Good Oil: The secret life of Sauber
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Rather quietly, while nobody was paying much attention, the Formula 1 team formally known as Sauber, had a promising 2018 season.
“Formally known as”?
That’s right. This week Sauber officially became Alfa Romeo Racing ahead of the 2019 F1 season kicking off next month.
Alfa Romeo was involved with the Swiss team last year too, of course. But then it was much less visible.
Buoyed by a solid 8th in the 2018 championship standings (where Charles Leclerc and Marcus Ericsson combined for a 48-point tally), the manufacturer has stamped its recognisable motif and name across the team.
Kimi Raikkonen will be the team’s lead driver for the 2019 season, which (hopefully) will add some extra drama to proceedings.
After a consistently strong start to last year’s championship from the Iceman, his final year in the Ferrari red racing suit seemed to fade to bland by the time the season was half done.
Here’s hoping — for Sauber as much as spectators — there’ll be plenty of blunt “Leave me alone, I know what I’m doing,” chatter across the team radio during the forthcoming season as Raikkonen powers his way towards the front of the pack from within the midfield. And let’s hope all that Alfa Romeo hardware holds up to the task, too ...
Ford teases small sub-Ranger pick-up
Weekend gardeners rejoice. Ford Motor Co has confirmed it is developing a prototype small pick-up truck which would be dimensionally smaller (and cheaper) than the popular Ranger.
The vehicle would be a small, unibody truck, possibly built on the Ford Focus platform, making it a more compact wellside option than the big Ranger (big being a relative term, given that in the US market the Ranger is the manufacturer’s smallest pick-up truck option).
The news will be welcomed by those looking for a handy truck to have for DIY duties, but who find the sheer size of the modern Ranger and its ilk intimidating (especially when encountering congested city car parks, as many owners would).
The idea isn’t new, of course. Subaru’s small late-1980s Brumby ute remains a fan favourite, while Nissan — or Datsun at the time — sold its tiny 1200 utes by the boatload in the 1970s. These, too, are now sought after by collectors.
A teeny sibling for the Ranger wouldn’t even be a new idea for Ford. A few years back, the American carmaker offered a diminutive truck in South American markets that was based on a Fiesta platform. The badge on that model is a familiar one, too, Courier.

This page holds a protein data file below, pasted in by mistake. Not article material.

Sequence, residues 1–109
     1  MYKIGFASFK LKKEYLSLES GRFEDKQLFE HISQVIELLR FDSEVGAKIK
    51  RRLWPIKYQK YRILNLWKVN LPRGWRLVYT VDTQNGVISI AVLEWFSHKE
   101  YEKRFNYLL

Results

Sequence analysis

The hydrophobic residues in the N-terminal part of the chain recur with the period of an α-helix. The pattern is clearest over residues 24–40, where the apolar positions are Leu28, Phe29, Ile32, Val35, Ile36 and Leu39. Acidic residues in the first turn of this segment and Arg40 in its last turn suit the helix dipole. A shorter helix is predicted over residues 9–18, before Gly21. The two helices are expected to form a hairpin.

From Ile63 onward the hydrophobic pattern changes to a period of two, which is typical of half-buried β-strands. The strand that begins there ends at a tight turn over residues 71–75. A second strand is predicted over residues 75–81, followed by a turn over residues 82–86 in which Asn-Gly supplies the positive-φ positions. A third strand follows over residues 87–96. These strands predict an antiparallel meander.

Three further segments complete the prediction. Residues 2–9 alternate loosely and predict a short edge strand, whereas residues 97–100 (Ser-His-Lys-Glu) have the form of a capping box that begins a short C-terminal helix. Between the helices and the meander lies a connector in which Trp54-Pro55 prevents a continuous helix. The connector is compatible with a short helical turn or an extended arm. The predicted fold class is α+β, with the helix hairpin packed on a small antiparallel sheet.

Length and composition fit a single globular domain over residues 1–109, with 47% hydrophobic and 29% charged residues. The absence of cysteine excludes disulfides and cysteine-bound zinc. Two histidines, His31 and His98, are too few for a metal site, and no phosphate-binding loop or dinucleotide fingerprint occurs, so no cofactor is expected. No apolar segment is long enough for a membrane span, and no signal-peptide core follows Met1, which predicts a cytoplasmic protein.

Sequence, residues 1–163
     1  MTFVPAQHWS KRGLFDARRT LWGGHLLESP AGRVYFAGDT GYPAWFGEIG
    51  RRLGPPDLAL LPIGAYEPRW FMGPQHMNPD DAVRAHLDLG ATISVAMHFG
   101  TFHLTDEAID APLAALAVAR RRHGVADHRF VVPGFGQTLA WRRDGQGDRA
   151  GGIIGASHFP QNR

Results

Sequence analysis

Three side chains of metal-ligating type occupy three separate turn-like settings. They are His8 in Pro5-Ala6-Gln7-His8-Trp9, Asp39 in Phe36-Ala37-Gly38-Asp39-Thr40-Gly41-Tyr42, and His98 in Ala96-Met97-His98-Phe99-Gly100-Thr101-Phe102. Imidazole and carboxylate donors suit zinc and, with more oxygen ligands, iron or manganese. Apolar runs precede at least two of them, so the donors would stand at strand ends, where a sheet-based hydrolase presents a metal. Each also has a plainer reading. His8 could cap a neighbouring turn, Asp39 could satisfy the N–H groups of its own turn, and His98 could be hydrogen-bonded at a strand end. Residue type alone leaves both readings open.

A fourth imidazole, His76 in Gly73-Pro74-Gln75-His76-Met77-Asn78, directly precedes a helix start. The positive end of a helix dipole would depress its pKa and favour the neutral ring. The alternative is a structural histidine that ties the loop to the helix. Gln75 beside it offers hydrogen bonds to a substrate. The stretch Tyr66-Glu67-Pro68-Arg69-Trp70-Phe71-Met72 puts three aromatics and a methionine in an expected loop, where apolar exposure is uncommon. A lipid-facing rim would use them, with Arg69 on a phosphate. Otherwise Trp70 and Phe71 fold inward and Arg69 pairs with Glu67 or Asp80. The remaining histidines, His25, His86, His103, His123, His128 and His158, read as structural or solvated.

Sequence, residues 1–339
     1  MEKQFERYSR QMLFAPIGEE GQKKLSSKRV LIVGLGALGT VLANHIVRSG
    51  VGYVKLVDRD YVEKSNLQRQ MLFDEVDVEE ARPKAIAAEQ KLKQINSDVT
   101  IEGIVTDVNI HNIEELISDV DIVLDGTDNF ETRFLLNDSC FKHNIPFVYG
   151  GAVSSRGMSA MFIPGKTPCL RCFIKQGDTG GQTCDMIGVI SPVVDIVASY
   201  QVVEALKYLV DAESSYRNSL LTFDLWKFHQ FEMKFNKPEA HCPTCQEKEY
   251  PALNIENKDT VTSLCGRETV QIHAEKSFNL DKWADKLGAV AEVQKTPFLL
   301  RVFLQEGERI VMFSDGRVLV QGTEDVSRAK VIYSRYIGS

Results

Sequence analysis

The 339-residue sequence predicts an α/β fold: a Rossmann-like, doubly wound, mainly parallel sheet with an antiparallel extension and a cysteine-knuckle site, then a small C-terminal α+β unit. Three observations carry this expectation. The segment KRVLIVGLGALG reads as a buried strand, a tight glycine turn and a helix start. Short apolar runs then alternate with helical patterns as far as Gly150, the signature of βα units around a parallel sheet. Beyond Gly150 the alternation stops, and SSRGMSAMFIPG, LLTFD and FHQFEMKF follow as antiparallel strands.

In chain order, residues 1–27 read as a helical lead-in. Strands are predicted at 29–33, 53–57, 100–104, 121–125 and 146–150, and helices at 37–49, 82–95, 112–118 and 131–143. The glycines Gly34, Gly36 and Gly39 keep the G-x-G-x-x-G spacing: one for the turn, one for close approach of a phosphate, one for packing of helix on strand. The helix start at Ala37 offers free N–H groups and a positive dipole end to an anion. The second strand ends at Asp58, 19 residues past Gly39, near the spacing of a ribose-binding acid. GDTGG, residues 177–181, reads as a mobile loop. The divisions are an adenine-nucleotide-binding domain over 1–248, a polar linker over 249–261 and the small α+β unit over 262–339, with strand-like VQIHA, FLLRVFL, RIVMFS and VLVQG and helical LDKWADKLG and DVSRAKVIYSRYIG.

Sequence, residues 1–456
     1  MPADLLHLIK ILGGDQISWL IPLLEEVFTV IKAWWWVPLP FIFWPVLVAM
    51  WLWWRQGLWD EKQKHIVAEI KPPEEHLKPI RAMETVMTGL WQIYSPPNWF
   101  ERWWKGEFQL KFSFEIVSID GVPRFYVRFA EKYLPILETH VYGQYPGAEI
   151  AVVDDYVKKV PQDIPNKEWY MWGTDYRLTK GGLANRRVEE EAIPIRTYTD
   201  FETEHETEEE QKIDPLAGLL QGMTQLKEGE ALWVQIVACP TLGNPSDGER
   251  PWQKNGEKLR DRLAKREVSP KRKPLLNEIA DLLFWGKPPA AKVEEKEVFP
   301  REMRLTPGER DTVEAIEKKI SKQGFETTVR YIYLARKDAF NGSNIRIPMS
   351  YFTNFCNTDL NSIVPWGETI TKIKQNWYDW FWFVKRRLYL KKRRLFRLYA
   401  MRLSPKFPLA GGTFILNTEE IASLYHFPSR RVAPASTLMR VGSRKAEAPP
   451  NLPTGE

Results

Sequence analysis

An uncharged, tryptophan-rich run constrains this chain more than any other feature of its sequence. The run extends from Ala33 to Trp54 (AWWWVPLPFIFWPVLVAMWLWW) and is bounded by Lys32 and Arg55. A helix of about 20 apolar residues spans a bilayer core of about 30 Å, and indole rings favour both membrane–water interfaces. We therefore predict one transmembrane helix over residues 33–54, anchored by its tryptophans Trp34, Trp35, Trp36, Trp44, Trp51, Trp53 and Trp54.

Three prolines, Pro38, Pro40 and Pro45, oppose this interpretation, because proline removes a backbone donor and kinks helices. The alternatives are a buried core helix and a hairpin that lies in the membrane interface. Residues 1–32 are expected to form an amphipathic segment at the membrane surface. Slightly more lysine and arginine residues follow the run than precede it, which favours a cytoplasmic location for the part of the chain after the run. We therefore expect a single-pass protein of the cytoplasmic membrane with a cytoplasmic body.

Could the prototype small truck end up being badged as such? It’s too early to tell, as first Ford has to find an audience for the compact ute ... no easy bet in XXL-lovin’ ’Murica. Mind you, the auto giant wouldn’t be developing a test mule were the appetite for such a thing non-existent.
For now, Ranger owners will have to keep wincing involuntarily as their ute’s parking sensors scream every time they venture into a supermarket car park.
Lincoln to revive suicide doors?
While one division within Ford is looking to future markets, another has its head in the glorious past, when Detroit’s heavy iron ruled the highways.
Rumour has it that luxury carmaker Lincoln looks set to revitalise the reverse opening “suicide” door on its 2020 model year Continental sedan.
According to US motoring outlet Autoweek, at a closed-door dealer meeting last year, Lincoln unveiled a concept Continental which featured what the company politely terms coach doors.
After relative silence since then, an official Lincoln-generated Facebook post last week featuring a closely cropped image of some classic 1960s suicide-style door handles has rekindled the rumour that the manufacturer is set to incorporate the retro feature on its forthcoming updated halo sedan.
There is no word yet whether such a design feature would be an option or standard; you’d have to presume not everyone would want such ostentation.
Then again, in the US, Lincoln is still held up as a luxury brand; anyone alighting from a Continental probably wants to be seen and a little added drama courtesy of reverse-opening rear doors might not be a bad thing.
The other unknown at this point is what implication suicide doors might have for the vehicle’s crash test safety rating. A fair bit of engineering work will have to be done to ensure the Continental’s c-pillar structure is up to the task of hinging the (presumably heavy) rear doors onto.
Mind you, that bastion of semi-tasteful nostalgia, Rolls-Royce, has managed just such an aperture arrangement with its convertible Dawn model. So, it can be done. But will Ford do it well? And, will anyone buy it?